• Time to work toward goals. For tenants, entering into a ROFR agreement allows them the time to work on their credit and save up for a down payment while potentially locking in a purchase price, so they’ll be ready to buy when the unit owner is ready to sell.

Cons

There are some drawbacks for the buyer as well:

  • Limited decision window. There’s a time limit built into the typical ROFR agreement, so when the seller does decide to put the property up for sale, the potential buyer needs to be ready to make a quick decision and know whether they can line up the financing. They should be ready to enter into a purchase agreement within a matter of days.

  • Prices are often pre-negotiated. This is both a pro and a con for both the buyer and seller. Essentially, if prices have gone down in your area, you could be overpaying by making a deal based on the terms of the original agreement. But if you let the property go to the open market, you take the risk that you won’t be able to get it.

Seller

The seller has their own incentives and downsides to weigh. Let’s do a quick rundown.

Pros

There are a few potential benefits to the seller:

  • No listing required. If you enter into a ROFR, there’s a chance you could sell your property without ever having to list it which can keep your costs down considerably.

  • You could make a windfall. If the buyer really wants it without the possibility of competition, you may be able to make out like a bandit and sell the property above market value (assuming the house appraises at that value if the buyer uses a mortgage).

  • Give preference to certain buyers. The right of first refusal may be given to family members or current tenants in the property first, and the seller may wish to have an opportunity to weigh their offers before the property hits the market. This can help families build generational wealth.

Cons

Just as there are drawbacks for buyers, there are drawbacks for sellers as well:

  • You end up limiting your market. Typically, the more buyers that have a chance to participate, the better chance a seller has to gain a higher price. By giving someone the first option, you could unintentionally be lowering your price.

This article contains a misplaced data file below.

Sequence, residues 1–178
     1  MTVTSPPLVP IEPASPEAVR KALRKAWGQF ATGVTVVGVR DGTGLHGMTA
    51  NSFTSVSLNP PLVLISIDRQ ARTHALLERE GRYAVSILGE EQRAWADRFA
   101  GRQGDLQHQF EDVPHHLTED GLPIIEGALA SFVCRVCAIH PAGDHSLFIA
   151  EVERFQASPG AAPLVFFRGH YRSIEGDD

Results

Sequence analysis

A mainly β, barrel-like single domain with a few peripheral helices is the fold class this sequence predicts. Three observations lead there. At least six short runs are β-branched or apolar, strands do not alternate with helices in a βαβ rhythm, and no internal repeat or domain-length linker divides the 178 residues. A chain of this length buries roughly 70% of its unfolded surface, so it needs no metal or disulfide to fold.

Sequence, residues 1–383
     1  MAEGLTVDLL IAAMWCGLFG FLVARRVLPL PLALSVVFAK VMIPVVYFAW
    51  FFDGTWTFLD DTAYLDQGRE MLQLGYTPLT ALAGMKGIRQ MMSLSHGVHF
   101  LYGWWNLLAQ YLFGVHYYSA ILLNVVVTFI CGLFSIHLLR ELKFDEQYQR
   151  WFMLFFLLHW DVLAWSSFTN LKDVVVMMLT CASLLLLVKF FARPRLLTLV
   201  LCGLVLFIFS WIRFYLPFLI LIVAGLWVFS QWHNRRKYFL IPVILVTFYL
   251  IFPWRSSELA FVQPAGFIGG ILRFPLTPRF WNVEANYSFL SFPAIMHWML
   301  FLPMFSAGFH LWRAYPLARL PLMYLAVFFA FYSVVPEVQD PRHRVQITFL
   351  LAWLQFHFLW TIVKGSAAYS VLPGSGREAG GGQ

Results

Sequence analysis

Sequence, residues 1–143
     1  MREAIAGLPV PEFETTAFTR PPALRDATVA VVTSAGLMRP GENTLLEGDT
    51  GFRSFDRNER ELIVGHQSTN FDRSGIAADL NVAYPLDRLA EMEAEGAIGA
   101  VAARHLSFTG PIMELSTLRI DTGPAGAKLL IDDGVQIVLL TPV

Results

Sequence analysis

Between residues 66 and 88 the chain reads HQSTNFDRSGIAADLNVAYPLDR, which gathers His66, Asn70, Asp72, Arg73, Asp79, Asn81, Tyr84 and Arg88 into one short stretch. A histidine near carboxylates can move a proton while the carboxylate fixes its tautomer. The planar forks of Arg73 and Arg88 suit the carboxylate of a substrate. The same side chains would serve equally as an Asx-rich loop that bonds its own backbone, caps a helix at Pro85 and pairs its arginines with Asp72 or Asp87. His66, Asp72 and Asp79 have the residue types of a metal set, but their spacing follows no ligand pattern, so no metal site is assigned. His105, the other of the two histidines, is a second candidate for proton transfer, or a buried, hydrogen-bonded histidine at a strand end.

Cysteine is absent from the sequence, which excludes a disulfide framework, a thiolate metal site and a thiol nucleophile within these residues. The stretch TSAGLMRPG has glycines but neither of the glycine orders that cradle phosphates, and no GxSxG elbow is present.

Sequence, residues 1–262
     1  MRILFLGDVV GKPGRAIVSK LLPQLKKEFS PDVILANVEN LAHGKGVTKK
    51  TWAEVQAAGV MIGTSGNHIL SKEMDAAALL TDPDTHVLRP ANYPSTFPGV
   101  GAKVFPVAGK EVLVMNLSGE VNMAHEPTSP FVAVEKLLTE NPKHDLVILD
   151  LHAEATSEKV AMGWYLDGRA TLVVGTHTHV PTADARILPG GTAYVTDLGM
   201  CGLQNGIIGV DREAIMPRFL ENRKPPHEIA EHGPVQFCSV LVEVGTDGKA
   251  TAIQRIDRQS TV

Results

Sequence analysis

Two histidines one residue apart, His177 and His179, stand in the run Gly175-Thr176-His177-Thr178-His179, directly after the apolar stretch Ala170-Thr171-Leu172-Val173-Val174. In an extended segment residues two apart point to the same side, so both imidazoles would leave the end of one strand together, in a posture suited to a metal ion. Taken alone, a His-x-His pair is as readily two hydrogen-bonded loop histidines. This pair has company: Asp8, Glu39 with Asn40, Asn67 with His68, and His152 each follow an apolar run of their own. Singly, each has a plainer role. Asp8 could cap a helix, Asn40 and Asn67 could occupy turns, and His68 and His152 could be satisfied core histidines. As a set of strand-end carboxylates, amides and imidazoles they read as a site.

• A fixed contract price could hurt. If you have a specific price point laid out in the contract that ends up being lower than the current market value for the property, you could be leaving money on the table.

  • It could cause lending issues. Even if you’re not currently looking to sell your property, the existence of a right of first refusal could create issues if you’re thinking about refinancing an existing mortgage. Lenders and major mortgage investors generally prohibit you from getting a loan when these types of clauses exist because the property serves as collateral for the loan. If you default for any reason and the lender has to sell the property to recoup the investment, they won’t want any clause that prohibits them from making it available to the largest pool of interested buyers in order to get the most money.

What Is the Difference Between A Right Of First Offer (ROFO) And A Right Of First Refusal (ROFR)?

A right of first offer (ROFO) allows someone the opportunity to make the first move when a homeowner is looking to sell. Unlike a right of first refusal where an owner may be obligated to sell to the potential buyer under the original contract’s terms, the seller is still free to market the property for sale to others. The prospective buyer has a time limit to put together an offer, which the seller can accept or reject. The seller is also free to go back after initially rejecting the offer if they can’t get a more favorable deal from another interested party.

The Bottom Line: Carefully Consider Your Options Before Using A ROFR

Whether you’re looking to buy or sell a home, you should still consider all of your options in a real estate transaction before entering into a right of first refusal agreement. This clause is a useful negotiation tactic, but depending on the situation and current housing market, it may or may not be worth the risk.